They shall not grow old
As we who are left grow old
Age shall not weary them
Nor the years condemn
At the going down of the sun
And in the morning
We shall remember them
Remembering all those who have given their lives in war enabling those of us who came after to live in freedom and peace.
A corner of a foreign field.
The grave of AC2 Harold Harrison in Jakarta War Cemetery, Java. 2 June 1942
If I should die, think only this of me:
That there's some corner of a foreign field
That is for ever England. There shall be
In that rich earth a richer dust concealed;
A dust whom England bore, shaped, made aware,
Gave, once, her flowers to love, her ways to roam,
A body of England's, breathing English air,
Washed by the rivers, blest by suns of home.
And think, this heart, all evil shed away,
A pulse in the eternal mind, no less
Gives somewhere back the thoughts by England given;
Her sights and sounds; dreams happy as her day;
And laughter, learnt of friends; and gentleness,
In hearts at peace, under an English heaven.
Edited 11 Nov 2007
JulieMarie asked where the lines at the beginning of this post come from - they are from a poem written in 1914 by Laurence Binyon after the battles of Mons and Le Cateau where the British casualties were very heavy. The lines I quote are always said at the Royal British Legion Festival of Remembrance which the Queen and all the members of the Royal Family attend on the Saturday night preceding Remembrance Sunday and at nearly all the services held at cenotaphs across the UK. Below is the poem in full.
For The Fallen
With proud thanksgiving, a mother for her children,
England mourns for her dead across the sea.
Flesh of her flesh they were, spirit of spirit,
Fallen in the cause of the free.
Solemn the drums thrill: Death august and royal
Sings sorrow up into immortal spheres.
There is music in the midst of desolation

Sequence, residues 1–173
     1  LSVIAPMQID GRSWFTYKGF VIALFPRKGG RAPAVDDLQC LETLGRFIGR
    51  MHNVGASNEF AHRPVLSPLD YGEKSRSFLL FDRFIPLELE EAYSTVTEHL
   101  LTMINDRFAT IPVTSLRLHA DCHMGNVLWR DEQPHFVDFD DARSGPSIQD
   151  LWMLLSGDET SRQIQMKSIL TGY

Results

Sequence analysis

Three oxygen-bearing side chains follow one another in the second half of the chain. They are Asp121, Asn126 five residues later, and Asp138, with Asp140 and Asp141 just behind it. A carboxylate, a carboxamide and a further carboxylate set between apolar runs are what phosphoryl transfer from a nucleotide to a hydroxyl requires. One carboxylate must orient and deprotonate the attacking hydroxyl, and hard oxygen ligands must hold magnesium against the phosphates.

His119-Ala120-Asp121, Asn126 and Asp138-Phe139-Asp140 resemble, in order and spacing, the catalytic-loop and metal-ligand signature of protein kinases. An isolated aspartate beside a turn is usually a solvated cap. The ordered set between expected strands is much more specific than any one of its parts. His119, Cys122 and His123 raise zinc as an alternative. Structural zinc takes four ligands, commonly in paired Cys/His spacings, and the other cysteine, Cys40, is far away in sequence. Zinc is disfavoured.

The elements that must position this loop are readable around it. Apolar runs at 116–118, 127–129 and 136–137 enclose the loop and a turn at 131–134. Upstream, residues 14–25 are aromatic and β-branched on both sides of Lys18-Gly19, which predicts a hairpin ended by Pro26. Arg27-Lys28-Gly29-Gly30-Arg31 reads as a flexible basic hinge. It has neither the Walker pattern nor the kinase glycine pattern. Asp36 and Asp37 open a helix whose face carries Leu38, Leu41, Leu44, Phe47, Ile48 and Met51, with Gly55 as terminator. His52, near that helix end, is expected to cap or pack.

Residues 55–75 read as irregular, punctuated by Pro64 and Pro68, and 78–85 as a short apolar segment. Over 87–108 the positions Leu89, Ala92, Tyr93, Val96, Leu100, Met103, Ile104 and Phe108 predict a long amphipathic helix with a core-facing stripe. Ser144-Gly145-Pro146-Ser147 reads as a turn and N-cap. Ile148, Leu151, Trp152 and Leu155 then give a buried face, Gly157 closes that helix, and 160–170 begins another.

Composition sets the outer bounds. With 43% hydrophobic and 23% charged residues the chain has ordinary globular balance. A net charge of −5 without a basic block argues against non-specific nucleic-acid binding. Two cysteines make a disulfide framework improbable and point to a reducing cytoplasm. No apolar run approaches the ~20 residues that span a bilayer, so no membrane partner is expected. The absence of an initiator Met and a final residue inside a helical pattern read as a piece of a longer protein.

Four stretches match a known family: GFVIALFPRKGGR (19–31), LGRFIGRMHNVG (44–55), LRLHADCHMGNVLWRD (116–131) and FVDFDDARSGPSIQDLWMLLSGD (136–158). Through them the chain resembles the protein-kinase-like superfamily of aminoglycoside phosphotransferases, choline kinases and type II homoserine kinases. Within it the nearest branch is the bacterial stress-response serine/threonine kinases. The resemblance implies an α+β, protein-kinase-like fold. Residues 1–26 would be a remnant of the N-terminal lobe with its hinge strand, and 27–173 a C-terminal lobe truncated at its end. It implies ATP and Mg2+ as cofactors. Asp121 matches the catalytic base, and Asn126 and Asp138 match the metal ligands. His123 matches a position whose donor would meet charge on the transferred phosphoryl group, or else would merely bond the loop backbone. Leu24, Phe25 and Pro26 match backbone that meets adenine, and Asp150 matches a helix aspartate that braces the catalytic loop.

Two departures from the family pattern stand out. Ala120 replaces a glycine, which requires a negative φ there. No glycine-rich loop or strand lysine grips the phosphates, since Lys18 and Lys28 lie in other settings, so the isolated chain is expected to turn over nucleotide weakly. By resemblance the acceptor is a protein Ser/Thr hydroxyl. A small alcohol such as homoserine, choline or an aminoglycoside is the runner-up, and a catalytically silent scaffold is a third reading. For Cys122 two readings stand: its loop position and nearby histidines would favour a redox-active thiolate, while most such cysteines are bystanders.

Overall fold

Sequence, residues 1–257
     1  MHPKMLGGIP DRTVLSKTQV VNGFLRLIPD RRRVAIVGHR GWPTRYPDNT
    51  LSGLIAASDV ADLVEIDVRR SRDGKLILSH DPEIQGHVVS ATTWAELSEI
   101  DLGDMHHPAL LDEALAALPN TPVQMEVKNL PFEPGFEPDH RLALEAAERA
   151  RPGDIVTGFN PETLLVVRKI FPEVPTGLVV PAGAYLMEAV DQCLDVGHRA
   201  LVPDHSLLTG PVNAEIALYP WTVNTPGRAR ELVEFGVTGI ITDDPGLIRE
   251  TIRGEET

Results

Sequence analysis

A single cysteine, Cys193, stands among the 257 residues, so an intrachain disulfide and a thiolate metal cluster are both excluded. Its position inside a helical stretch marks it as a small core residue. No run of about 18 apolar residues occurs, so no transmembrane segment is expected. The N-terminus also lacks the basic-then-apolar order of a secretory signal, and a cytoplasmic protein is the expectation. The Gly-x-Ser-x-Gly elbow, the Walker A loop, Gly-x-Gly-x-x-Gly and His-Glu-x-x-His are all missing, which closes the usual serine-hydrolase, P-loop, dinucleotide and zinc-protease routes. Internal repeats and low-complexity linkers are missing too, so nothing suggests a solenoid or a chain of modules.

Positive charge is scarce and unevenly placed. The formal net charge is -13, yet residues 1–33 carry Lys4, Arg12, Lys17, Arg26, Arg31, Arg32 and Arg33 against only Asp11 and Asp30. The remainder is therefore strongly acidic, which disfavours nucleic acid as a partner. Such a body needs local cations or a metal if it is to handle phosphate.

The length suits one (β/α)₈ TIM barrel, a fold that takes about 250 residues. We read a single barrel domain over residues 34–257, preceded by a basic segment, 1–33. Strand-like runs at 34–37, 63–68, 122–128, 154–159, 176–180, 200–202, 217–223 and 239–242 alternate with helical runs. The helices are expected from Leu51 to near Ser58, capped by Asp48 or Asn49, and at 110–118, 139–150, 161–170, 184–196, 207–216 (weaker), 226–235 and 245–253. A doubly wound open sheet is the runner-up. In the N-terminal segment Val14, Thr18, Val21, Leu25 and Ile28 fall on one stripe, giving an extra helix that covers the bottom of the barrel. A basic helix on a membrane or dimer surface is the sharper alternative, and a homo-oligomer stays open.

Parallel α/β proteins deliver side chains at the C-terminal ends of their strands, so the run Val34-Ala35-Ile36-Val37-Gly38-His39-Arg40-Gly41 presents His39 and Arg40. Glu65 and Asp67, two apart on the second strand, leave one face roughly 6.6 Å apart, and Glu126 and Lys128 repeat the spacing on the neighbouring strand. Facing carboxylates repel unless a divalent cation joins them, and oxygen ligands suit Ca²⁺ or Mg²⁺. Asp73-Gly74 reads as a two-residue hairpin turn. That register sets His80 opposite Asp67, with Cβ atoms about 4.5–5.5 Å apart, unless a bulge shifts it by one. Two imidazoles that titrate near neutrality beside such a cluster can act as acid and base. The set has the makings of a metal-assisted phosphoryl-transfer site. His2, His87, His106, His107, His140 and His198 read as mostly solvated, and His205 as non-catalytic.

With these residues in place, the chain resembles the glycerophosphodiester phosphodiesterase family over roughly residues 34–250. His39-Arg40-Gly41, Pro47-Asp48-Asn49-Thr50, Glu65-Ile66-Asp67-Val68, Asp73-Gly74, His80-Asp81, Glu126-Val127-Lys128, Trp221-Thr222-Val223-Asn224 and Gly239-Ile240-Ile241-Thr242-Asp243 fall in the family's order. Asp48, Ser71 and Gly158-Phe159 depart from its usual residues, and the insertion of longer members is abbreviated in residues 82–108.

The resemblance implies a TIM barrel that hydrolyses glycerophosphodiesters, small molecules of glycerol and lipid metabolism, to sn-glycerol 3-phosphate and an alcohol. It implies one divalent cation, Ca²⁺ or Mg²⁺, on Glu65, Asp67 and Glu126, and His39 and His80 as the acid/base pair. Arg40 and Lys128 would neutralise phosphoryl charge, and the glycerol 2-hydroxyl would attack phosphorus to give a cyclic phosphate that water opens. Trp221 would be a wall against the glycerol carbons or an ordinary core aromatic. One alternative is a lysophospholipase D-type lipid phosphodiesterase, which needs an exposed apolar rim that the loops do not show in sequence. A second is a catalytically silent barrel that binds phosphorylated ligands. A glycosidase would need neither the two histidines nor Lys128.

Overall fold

And a glory that shines upon our tears.
They went with songs to the battle, they were young,
Straight of limb, true of eye, steady and aglow.
They were staunch to the end against odds uncounted,
They fell with their faces to the foe.
They shall grow not old, as we that are left grow old;
Age shall not weary them, nor the years condemn.
At the going down of the sun and in the morning
We will remember them.
They mingle not with laughing comrades again;
They sit no more at familiar tables of home;
They have no lot in our labour of the day-time;
They sleep beyond England's foam.
But where our desires are and our hopes profound,
Felt as a well-spring that is hidden from sight,
To the innermost heart of their own land they are known
As the stars are known to the Night;
As the stars that shall be bright when we are dust,
Moving in marches upon the heavenly plain,
As the stars that are starry in the time of our darkness,
To the end, to the end, they remain.
Laurence Robert Binyon, 1869-1943
Thursday, November 01, 2007
Late this afternoon I drove out towards Grindleford and stopped to take these views in the fading light, the sun had already dropped below the horizon and this was the aftermath but looking northish.
This was from the same spot but looking east.
Looking east again but 5 minutes or so later and a little further down the road. I love the way that the sky changes so much in such a short time and as the days get shorter I'm hoping for ever more spectacular sunsets to photograph.
An interested spectator on the other side of the wall:) The difference in light levels is accounted for by my using the 'sunset' setting on my camera for the sky pictures and 'available light' for the sheep.
Finally a picture of my beech hedge and the evidence that my garden is seriously in need of some attention which it will hopefully get over the next couple of weeks. I love the hedge when it has this wonderful patchwork quilt effect.
JulieMarie asked what the green and brown 'thingy' was in my last post - it's a newly fallen sweet chestnut showing the open case with the nuts still in place. Sweet chestnuts are edible and can be made into stuffing among other things. I don't think the squirrels bother with the haute cuisine bit though - they just take them as they come:)
Last year I wrote a post about November which hopefully might make those of you who consider it a dreary month see it from a different angle.